The bastilla king is back
King’s bastilla has to be one of the craziest things I’ve ever eaten. A specialty at Kasbah, it looked like a flying saucer constructed out of phyllo dough. It was stuffed with a mix of chicken, almonds, cinnamon and eggs, then was dusted with sugar and splashed with rosewater. The flavors took off in so many ways at once I could hardly keep track of them all. I didn’t even know if I liked it, but I kept eating it.
Longtime Albuquerque diners will probably be excited to know that Ridha Bouajila is behind this famous Moroccan dish (also spelled b’steeya, bastila, pastilla, and on and on), the chef who helmed the kitchens at Marrakech and the Mediterranean Café. This is his fourth Albuquerque restaurant. Of the three previous, two were named Marrakech.
His new restaurant is in the space on east Central that’s housed a lineage of short-lived restaurants, most recently Guicho’s Mexican. The setting is intimate. Shades on the windows help create the feeling of a hideaway. I’ve seen several people there on what appeared to be secret dates.
My favorite dish at Kasbah, indeed one of my favorite dishes in town, is the moussaka. It’s a dish I’ve rarely appreciated. I only ordered it to see what Bouajila’s version was like, and its heavenliness caught me completely off guard.
Moussaka is a little bit like Greek lasagna, with potatoes instead of noodles. Here, ground beef, eggplant and potatoes were layered with tomato sauce and smothered in a puffy béchamel sauce. It was almost soufflé-like and had an ethereal hint of nutmeg. The piece wasn’t huge, which turned out to be a good thing. It was very rich, and there was no way I would be able to stop eating it, no matter how much there was. After it was gone, I turned my attention to the big, beautiful Greek-style salad that accompanied the moussaka, dressed with lemon, olive oil and oregano.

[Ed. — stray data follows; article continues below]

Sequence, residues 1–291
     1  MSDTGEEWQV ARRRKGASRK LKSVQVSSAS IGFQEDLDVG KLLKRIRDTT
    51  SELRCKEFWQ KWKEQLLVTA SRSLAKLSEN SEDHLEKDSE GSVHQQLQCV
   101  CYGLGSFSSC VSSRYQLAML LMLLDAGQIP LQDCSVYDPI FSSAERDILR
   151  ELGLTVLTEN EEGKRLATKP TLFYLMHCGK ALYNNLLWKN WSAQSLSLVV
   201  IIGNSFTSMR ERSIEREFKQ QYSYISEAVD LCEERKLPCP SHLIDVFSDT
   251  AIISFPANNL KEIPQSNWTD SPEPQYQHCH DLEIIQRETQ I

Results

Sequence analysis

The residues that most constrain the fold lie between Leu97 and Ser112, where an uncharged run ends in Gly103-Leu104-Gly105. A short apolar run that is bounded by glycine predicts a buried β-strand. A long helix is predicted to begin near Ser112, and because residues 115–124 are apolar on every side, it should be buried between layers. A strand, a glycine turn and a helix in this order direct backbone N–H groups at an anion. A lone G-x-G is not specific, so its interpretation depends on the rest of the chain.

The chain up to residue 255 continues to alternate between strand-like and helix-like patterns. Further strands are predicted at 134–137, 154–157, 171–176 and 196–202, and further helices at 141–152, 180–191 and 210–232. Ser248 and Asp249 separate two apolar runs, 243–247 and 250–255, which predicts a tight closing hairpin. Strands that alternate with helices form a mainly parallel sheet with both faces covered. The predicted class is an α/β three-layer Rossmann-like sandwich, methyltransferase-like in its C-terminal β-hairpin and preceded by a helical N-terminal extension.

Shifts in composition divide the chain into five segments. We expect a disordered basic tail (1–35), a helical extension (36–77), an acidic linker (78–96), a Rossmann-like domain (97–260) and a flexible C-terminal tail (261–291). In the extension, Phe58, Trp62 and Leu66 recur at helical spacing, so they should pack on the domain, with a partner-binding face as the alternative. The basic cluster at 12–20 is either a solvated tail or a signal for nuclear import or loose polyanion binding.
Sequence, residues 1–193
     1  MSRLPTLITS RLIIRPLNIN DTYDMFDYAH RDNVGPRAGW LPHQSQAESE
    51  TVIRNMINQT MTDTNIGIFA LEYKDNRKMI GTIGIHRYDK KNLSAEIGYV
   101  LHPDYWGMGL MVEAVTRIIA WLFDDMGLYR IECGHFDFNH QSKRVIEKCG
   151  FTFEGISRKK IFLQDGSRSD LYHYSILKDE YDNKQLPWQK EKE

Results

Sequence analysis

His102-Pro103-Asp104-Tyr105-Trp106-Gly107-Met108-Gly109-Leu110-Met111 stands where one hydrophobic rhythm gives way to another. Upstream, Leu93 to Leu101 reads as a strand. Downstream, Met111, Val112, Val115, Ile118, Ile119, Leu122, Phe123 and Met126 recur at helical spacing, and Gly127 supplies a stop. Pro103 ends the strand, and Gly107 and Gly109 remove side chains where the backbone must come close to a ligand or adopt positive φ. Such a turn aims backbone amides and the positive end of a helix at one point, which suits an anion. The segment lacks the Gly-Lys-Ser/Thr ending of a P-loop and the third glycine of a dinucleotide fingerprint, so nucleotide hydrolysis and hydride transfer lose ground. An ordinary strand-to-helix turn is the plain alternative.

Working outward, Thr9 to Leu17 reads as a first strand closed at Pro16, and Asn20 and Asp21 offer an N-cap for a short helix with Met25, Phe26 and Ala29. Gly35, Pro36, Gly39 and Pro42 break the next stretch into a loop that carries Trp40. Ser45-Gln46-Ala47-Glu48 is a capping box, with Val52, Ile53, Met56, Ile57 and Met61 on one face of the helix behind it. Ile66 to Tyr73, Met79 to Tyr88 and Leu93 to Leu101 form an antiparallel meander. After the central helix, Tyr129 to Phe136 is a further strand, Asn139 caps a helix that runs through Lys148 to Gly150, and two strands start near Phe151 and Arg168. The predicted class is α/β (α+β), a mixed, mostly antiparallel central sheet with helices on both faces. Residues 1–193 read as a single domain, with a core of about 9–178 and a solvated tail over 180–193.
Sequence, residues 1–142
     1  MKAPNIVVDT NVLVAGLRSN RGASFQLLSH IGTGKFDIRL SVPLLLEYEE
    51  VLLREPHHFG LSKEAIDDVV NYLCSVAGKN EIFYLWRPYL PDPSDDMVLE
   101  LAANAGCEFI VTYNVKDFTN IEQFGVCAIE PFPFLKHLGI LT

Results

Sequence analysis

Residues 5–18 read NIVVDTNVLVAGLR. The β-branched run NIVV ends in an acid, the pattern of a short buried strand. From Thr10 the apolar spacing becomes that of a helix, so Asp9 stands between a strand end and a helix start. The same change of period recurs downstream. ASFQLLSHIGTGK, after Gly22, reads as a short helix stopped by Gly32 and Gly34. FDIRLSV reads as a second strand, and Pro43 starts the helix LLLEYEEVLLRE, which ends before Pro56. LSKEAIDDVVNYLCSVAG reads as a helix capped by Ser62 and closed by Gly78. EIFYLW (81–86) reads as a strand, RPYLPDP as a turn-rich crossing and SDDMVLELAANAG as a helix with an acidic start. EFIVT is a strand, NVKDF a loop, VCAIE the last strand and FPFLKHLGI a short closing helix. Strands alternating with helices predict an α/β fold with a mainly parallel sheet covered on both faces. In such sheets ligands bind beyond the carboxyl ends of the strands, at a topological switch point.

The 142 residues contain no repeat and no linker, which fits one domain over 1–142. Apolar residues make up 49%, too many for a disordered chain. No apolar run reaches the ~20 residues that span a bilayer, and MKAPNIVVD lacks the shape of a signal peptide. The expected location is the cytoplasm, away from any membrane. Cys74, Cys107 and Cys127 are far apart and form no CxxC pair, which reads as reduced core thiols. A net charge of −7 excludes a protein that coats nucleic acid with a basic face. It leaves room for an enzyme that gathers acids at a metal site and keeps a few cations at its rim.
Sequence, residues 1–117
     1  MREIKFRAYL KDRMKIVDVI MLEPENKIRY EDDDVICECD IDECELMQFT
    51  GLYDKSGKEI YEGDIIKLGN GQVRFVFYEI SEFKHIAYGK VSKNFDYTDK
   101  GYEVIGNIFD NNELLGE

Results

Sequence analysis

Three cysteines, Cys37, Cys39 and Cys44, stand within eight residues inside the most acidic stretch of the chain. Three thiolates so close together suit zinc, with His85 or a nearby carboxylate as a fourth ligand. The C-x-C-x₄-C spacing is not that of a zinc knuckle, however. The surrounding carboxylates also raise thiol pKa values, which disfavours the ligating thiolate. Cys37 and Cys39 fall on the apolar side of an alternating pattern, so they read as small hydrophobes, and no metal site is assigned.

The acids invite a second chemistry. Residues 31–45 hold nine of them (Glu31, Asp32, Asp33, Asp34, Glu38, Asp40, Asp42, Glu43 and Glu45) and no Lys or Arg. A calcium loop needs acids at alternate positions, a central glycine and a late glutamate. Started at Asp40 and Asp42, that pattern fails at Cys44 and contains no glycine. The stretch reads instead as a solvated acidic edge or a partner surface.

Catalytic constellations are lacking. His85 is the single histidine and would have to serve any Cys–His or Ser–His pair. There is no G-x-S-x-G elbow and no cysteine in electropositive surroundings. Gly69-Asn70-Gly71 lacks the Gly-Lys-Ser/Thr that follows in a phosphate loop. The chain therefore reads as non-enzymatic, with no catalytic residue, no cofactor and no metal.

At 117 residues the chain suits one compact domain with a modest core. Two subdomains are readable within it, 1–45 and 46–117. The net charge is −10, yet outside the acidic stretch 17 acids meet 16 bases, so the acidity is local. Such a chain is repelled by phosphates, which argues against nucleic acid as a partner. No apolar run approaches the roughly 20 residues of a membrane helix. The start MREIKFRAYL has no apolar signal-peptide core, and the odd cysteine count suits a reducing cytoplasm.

The menu is dominated by tagine and couscous dishes, of which the tagines are more impressive and the couscous more food for the money. One couscous order could easily fill the bellies of two clandestine diners.
A tagine featuring a bone-in lamb shank was visually striking, with a large hunk of spoon-tender meat barely clinging to the bone. The shank’s thick gravy impregnated the accompanying sliced carrots and zucchini. It was a good sauce, but it felt like it needed a kick. The waitress brought me a little dish of harissa—a paste of garlic, red chile, cumin, coriander and other spices. Not much could have further improved that dish.
I only ordered it to see what Bouajila’s version was like, and its heavenliness caught me completely off guard.
Other highlights were the lemon chicken tagine, prepared with housemade preserved lemons, and the soup du jour, a thick bulgur and chickpea chowder with a tomato and chicken base.
While Bouajila’s primary areas of culinary expertise are Morocco and Tunisia, many other Mediterranean cuisines are represented. The dolmas melted in my mouth. The creamy hummus bore a few streaks of unmixed tahini—intentional or not, I liked it. Dill permeated the spinach filling in a side of spanakopita, which was neither too salty nor too cheesy, and was beautifully presented with a dusting of parsley. The lamb/beef gyro sandwich was incredibly tasty and, at six bucks, a good deal. It’s worth pointing out that Kasbah’s falafel are pan-fried rather than deep-fried, which some will praise and others will protest.
For all its tasty treasures, the only meat on the menu that earns the Locovore stamp of approval is in the lamb couscous and non-shank lamb tagines, which are made with halal meat.
“With halal, and with kosher, the way you treat the animal is way better,” Bouajila told me. “You bless the animal before they butcher it. I don’t know if anyone else but Muslims and Jews do that.”
He says he wishes all the meat on the menu could be halal, but like all restaurateurs, he has to balance the quality he wants to serve with what he thinks customers will pay for. He can do halal anything with advanced notice, and he’s even considering a parallel menu where people can pay more for the good stuff. While the halal he’s currently rocking at the Kasbah isn't where he'd like it to be, make no mistake: The king of king’s bastilla is back.